Today’s Word: Patience.

Hello, boys and girls. Today’s word is patience.

This is something some writers don’t have. Okay. Well, maybe not some. Let’s just say me. I try hard to have it but ….

My head is filled with stories. It’s full of scenes, dialog and … things. I sit and as I write, it flows so much slower. I can spend a full solid morning and only have a few pages to show but in my mind, I’ve seen the beginning, the middle and the end.

So, with the patience comes focus. With that head so full of stories and ideas, its hard to stay focused on just one. I easily get something else caught in my imagination and start to document that. And typically, as I’m working on that, a new idea bursts forth.

I’ve learned that patience comes with discipline. To ease the chaos of my mind, I try to satisfy it by working on more than one project at a time. I’ve been asked if that isn’t confusing or difficult. To be honest, not really. But it does do, is: it slows down the process and extends the completion of the story.

So, I’m trying to focus on only 2 or 3 projects. I can rotate as needed but I feel it will help me and my blocks. But its not rigid. If I find that I spend all my time on 1 project, then so be it. And congrats to me. The only benefit to a slow process is that I get to think more about the story. I find places to make changes and fix problems. In the end, maybe thats the reward….

Oh, and with that: I use a notebook to catalog all those new ideas. Let’s just hope I can get to them one day!

Writers and Writing….

OMG

I feel like I just woke up after spending all weekend immersed in authors panels and looking at art and reading about new writers.

I met so many fellow authors and new literary adventurists.

One of my favorites this weekend was Cinda Williams Chima, writer of the Heir Chronicles, Seven Realms, and Shattered Realms. My daughter was introduced to her writing back in junior high. She had read a lot of fantasy books and was sitting on her wall that the best book in the world was Harry Potter. Well, she read The Warrior Heir and the changed overnight. She brought the books home and introduced them to her parents. We became instant fans. Cinda was very nice and supportive.

Other writers: John Scalzi, Pierce Brown and Tricia Levenseller. All of them were very positive. All were more than willing to encourage you and your writing. I’ve said it before and I’ll say it again. If you want to write for more than yourself, you need to find a community. And don’t be afraid to seek out even the big authors. Those that have New York Times Bestsellers books. Those that have the Hugo or Nebula or Locus awards. You’ll find most if not all are very humble. Yet, be respective and don’t try to be the new best friend. If you’re not careful thats where restraining orders come into play! (Just a little joke folks!).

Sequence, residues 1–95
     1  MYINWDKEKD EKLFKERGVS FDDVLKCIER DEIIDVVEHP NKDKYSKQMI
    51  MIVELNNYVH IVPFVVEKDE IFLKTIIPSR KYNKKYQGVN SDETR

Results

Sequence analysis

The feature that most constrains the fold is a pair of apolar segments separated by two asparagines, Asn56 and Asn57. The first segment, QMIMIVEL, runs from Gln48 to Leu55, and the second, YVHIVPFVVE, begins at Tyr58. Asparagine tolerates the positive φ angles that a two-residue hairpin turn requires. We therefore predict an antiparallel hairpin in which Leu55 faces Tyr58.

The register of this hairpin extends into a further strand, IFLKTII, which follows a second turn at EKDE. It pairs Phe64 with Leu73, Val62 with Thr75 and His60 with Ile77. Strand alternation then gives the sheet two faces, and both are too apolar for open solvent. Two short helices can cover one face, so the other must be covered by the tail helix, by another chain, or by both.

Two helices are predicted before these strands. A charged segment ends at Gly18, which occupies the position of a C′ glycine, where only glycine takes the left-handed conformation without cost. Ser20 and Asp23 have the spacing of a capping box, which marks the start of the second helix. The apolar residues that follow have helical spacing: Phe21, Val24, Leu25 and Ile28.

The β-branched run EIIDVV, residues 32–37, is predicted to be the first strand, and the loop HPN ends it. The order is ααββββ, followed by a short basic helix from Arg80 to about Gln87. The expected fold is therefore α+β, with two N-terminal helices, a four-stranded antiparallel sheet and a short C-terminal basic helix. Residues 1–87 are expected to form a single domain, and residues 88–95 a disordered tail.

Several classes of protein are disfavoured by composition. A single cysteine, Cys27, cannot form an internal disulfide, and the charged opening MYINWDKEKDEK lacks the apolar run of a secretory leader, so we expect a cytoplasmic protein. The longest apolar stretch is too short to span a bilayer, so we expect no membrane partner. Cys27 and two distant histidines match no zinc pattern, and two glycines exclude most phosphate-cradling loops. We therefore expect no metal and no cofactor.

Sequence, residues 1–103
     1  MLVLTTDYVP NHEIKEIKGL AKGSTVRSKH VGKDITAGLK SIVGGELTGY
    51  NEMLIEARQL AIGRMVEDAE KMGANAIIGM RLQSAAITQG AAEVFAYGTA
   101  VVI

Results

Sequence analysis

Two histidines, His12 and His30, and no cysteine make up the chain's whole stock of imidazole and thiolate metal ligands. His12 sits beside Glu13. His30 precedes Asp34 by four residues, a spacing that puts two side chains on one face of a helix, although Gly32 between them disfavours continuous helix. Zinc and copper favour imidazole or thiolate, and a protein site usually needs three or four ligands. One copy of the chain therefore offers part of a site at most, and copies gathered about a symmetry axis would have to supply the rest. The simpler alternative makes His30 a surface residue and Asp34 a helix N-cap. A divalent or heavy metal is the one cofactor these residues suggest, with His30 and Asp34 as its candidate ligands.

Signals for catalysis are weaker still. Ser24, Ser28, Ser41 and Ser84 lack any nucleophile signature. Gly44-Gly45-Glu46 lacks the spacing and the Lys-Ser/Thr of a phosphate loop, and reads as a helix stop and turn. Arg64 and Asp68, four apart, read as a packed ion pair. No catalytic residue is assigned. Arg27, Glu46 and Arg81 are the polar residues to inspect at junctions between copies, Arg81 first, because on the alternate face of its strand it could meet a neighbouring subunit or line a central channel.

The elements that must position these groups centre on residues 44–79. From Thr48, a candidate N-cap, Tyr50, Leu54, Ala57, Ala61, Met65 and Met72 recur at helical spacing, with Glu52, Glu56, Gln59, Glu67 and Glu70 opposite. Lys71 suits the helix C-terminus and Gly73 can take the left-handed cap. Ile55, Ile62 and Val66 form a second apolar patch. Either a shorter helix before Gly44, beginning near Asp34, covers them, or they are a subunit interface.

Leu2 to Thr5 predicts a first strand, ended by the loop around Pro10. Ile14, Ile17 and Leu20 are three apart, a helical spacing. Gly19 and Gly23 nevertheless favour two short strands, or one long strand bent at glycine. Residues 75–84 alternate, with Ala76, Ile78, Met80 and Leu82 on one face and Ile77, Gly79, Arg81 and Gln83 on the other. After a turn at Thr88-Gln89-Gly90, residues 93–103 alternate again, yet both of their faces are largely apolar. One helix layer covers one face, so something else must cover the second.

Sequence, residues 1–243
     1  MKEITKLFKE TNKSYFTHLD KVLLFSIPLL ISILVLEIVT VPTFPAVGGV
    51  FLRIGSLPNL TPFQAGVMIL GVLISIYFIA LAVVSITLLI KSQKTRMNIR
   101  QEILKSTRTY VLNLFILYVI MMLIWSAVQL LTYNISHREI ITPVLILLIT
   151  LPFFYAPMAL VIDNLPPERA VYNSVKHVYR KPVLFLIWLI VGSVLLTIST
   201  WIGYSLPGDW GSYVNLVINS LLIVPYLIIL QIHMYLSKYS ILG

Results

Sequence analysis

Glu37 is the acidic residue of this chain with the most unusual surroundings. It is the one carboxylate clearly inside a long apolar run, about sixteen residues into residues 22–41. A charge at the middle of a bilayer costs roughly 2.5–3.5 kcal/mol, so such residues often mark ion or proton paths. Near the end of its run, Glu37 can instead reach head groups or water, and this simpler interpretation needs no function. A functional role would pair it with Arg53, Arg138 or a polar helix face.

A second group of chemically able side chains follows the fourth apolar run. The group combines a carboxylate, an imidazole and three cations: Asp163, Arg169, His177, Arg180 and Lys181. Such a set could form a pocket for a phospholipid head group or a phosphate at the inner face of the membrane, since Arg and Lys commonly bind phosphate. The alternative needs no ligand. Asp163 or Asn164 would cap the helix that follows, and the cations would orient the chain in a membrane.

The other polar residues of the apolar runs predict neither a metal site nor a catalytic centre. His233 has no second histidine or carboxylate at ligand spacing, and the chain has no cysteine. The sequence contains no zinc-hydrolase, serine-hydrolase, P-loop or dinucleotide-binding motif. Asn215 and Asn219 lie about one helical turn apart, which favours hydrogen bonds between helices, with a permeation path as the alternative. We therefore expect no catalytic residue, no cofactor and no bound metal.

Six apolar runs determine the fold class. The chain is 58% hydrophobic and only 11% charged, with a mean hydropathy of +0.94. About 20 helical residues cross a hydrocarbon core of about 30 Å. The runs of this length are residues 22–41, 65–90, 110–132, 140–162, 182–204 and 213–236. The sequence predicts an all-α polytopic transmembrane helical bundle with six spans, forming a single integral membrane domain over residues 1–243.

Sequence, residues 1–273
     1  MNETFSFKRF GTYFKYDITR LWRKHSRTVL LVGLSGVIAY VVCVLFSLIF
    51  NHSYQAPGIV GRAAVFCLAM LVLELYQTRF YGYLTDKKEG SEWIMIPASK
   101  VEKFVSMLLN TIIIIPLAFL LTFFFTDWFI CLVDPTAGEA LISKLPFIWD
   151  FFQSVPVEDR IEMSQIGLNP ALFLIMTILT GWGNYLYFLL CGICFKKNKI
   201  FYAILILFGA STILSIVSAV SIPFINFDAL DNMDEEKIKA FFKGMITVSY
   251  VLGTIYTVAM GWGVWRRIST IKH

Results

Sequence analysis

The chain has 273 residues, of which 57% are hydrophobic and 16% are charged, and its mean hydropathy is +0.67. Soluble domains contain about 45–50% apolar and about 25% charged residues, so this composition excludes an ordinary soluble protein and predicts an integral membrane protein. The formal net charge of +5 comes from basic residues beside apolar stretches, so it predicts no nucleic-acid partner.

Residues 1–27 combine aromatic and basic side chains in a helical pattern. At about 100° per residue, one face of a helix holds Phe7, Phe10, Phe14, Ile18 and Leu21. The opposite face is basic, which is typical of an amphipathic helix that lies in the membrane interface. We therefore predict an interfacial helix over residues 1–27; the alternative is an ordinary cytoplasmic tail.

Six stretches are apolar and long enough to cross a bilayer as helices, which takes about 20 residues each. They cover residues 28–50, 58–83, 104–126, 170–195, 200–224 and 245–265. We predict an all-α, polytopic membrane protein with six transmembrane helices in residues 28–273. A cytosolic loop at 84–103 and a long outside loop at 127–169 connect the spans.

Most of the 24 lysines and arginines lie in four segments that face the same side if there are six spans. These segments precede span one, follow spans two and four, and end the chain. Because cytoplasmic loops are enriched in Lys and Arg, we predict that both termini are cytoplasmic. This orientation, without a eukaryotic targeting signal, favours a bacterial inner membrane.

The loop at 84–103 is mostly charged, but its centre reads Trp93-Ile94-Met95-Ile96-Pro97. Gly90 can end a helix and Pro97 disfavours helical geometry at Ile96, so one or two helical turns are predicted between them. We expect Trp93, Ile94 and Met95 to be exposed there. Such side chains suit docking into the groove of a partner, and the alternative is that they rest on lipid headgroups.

I find that other writers inspire me. I’m sure they inspire all of us. So have fun and find time to meet your favorite authors.

The Future!

“Always in motion, the future is.” – Yoda, Empire Strikes Back.

We can sit and do nothing. We can sit and worry about it. Or we can get up, plant our feet on the ground, and take advantage of it.

This is my attitude about publishing. The future is rapidly approaching. The fate of storytelling as we know it could flip in on itself. Not only for novelists, prose writers, short fiction writers but also the comic writer and the comic artist.

Technology is now so advanced; anyone can write and publish a book with little or no fuss (and/or budget). Tools like Amazon or Lulu allow you to place your story online and sell it digitally to millions of Kindle readers or tablet users. WordPress is a brilliant platform for sharing creative content absolutely free!

Then there’s crowdfunding sites to “pre-sale” your product so you absolutely know the demand of your market (and reader)! Sorry big presses; this is the future. One needs to adapt or get out of the way. The time of worrying if a major publisher will accept your work (or story) is over. With the right enthusiasm and motivation, a storyteller can sell his work and bypass them altogether. And actually make a full-time career out of it; paying the bills and paying their taxes.

Right now, you can get lost in a very big sea of content and creators. But soon, millions of people will know where to look for it besides the local Barnes and Noble or Walmart. Comic book stores will become digital stores selling both digital and physical items. And publishers like DC and Marvel need to learn quickly how to stay relevant. Or by 2024, these guys will be only selling reprints of archive stuff or hoping another billion dollar movie can be made. I see Marvel (or DC) being a one room office with a staff of little just trying to protect their copyrights.

I am inspired by the future. And honestly, I still want a big publishing deal. Yet, I know it’s not the only option anymore. I challenge all of you to go to IndieGoGo or Amazon to look for independent stories. Support the next generation of writers and creators! Or be the next generation writer and put you stuff out there, any way you can!